The New York State Board of Law Examiners ,Corporate Plaza, Building 3 – 254 Washington Avenue Extension Albany, NY 12203-5195

 
office (518) 453-5990
fax (518) 452-5729
TTY: Call 711 (nyrelay.com)
Phone Hours: Monday - Friday 8:45am – 4:45pm Eastern Time

ARCHIVED RULES (prior to April 1, 2012)

ARCHIVE 520.3 Study of Law in Law School
ARCHIVE 520.4 Study of Law in Law O
ffice
ARCHIVE 520.5 Study of Law in Law School and Actual Practice

ARCHIVE 520.6 Study of Law in Foreign Country; Required Legal Education
 

Section 520 of the Rules of the Court of Appeals for the Admission of Attorneys and Counselors at Law (amended, effective March 29, 2000)

§ 520.3 Study of Law in Law School (prior to December 9, 2014)

(a) General. An applicant may qualify to take the New York State bar examination by submitting to the New York State Board of Law Examiners satisfactory proof that:

(1) the applicant attended and was graduated with a first degree in law from an approved law school; or

(2) the applicant attended and successfully completed the prescribed course of instruction required for a first degree in law at an approved law school, but has not been awarded the degree as of the date proof of eligibility to sit for the bar examination is required to be filed with the State Board of Law Examiners. The State Board of Law Examiners shall not certify the applicant for admission to the bar pursuant to section 520.7(a) of this Part until the applicant has presented satisfactory proof that the applicant has been awarded a first degree in law.

(3) the applicant satisfies the requirements of section 520.17 of this Part.


(b) Approved law school defined. For purposes of these rules, an approved law school is one:

(1) that is approved by the American Bar Association at all times during the period of the applicant’s attendance;

(2) that is located in the United States or its territories; and

(3) whose program and course of study meet the requirements of this section, as shown by the law school's bulletin or catalogue, which shall be filed annually with the Clerk of the Court of Appeals and the State Board of Law Examiners, or the publicly available pages of the law school’s website, which shall adequately describe each course offered and completely set forth the law school’s academic calendar and graduation requirements.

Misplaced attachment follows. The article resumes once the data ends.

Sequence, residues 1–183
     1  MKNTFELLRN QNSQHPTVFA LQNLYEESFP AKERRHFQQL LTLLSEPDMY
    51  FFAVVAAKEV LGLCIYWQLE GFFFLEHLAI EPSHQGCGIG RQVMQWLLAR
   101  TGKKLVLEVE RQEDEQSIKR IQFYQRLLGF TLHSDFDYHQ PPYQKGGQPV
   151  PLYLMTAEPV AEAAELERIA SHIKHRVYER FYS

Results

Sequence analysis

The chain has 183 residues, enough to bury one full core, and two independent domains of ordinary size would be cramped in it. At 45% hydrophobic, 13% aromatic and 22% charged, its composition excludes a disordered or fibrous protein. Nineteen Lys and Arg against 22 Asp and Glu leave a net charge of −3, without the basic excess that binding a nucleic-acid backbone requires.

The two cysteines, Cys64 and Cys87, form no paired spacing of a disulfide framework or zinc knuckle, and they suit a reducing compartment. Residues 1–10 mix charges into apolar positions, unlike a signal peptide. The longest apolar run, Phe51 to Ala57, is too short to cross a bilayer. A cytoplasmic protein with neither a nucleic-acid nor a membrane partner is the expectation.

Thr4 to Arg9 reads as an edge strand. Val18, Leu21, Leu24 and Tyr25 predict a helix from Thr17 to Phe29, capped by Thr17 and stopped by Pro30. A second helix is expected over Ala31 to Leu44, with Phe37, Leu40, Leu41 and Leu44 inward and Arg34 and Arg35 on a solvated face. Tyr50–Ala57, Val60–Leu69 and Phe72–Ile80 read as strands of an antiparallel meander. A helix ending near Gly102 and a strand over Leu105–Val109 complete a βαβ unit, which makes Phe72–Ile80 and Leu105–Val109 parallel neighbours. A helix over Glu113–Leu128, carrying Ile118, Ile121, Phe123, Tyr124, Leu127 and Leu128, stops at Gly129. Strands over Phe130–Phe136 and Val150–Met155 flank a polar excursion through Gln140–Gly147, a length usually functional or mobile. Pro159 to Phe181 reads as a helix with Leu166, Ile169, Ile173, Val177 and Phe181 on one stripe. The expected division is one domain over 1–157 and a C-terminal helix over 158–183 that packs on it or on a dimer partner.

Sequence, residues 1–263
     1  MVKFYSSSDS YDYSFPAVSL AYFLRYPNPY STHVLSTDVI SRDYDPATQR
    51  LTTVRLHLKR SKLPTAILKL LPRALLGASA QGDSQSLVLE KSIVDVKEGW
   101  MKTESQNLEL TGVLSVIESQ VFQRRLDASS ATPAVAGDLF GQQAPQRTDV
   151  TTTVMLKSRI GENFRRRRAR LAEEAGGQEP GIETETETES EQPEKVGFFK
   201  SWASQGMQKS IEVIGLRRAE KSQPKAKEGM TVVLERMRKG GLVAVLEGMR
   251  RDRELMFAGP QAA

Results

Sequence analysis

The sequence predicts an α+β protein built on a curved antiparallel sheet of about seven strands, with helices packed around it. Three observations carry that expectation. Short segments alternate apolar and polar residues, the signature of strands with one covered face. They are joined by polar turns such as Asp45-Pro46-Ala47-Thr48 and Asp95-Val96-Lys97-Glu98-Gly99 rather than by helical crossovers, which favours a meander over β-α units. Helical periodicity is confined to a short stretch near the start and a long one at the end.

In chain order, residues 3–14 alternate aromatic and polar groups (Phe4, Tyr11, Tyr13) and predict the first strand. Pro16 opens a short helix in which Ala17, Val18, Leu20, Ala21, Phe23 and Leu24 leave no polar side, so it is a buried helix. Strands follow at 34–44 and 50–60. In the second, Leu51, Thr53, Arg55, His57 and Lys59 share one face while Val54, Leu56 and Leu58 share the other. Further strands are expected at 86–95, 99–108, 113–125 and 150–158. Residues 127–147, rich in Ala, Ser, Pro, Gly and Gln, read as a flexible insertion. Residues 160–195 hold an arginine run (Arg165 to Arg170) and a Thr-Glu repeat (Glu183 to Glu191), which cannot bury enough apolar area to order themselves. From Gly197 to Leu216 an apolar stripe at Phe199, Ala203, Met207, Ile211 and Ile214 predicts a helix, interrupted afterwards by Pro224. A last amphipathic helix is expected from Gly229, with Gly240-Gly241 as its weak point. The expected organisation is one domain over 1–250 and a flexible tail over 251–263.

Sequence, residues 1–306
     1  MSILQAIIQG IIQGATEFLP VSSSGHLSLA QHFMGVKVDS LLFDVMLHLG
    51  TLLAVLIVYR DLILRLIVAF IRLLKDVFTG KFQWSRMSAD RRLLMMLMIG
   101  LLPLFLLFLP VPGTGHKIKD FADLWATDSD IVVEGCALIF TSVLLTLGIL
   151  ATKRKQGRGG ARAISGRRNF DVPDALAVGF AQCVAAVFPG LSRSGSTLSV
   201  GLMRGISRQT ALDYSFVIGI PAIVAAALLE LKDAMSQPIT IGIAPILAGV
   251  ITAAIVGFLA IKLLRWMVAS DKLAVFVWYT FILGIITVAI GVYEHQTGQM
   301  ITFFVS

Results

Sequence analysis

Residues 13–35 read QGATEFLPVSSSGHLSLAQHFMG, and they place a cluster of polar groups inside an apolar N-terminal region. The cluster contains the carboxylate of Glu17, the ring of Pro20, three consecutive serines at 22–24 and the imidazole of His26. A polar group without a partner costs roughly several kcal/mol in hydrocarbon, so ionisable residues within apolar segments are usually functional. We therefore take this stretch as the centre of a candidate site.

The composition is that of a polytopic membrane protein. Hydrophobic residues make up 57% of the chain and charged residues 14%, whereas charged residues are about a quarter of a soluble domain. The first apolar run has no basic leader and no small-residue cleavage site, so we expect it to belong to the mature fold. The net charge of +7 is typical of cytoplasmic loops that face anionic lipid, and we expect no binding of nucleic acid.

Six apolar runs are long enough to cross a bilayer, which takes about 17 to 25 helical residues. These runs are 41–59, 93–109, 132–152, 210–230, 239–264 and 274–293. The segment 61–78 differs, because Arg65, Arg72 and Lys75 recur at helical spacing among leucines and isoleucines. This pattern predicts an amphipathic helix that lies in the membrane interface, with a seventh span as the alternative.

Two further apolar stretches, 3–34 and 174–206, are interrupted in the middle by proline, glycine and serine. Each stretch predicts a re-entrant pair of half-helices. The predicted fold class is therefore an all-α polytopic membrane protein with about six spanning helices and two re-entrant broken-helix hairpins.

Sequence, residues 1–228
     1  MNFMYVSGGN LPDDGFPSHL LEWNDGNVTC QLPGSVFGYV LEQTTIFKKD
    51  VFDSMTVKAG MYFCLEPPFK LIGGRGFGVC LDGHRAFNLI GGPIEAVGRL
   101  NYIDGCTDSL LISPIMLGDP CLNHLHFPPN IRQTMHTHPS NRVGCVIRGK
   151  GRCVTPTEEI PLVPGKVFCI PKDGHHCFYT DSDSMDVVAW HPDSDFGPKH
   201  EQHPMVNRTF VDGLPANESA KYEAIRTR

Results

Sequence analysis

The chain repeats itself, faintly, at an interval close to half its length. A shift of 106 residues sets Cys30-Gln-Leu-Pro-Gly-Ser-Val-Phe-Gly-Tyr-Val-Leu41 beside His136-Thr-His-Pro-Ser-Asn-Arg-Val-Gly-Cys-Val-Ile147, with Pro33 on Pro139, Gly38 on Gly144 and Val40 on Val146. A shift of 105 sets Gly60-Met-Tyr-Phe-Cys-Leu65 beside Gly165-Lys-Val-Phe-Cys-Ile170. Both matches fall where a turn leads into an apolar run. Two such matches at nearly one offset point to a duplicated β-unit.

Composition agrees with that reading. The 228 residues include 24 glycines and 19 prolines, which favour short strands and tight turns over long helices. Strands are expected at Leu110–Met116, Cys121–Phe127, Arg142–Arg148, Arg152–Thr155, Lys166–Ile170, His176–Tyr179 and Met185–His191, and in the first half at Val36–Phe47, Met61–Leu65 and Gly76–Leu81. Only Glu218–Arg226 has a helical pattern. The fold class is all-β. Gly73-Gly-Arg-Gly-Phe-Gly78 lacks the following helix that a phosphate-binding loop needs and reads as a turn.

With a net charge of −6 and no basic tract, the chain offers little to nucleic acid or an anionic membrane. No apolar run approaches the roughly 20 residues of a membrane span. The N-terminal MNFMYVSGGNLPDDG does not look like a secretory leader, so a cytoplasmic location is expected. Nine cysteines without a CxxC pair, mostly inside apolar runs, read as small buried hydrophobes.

(c) Instructional requirements.
(1) The law school shall require for its first degree in law the successful completion of a program that prepares its students for admission to the bar and effective, ethical and responsible participation in the legal profession, and meets each of the following requirements:

(i) a minimum of 83 credit hours must be required for graduation, including substantial instruction in substantive and procedural law and professional skills;

(ii) a minimum of 64 of the required 83 credit hours must be earned by attendance in regularly scheduled classroom courses at the law school; and

(iii) a minimum of two credit hours must be earned in a course or courses in professional responsibility.

(2) Clinical courses. Credit may be granted toward the 83 credit hours required for graduation for law school clinical courses. Such credit may be counted toward the 64 classroom credit hours required by paragraph (1)(ii) of this subdivision, provided:

(i) the course includes adequate classroom meetings or seminars during the same semester in which the clinical work is completed in order to ensure contemporaneous discussion, review and evaluation of the clinical experience;

(ii) the clinical work is conducted under the direct supervision of a member of the law school faculty; and

(iii) the time and effort required and anticipated educational benefit are commensurate with the credit awarded.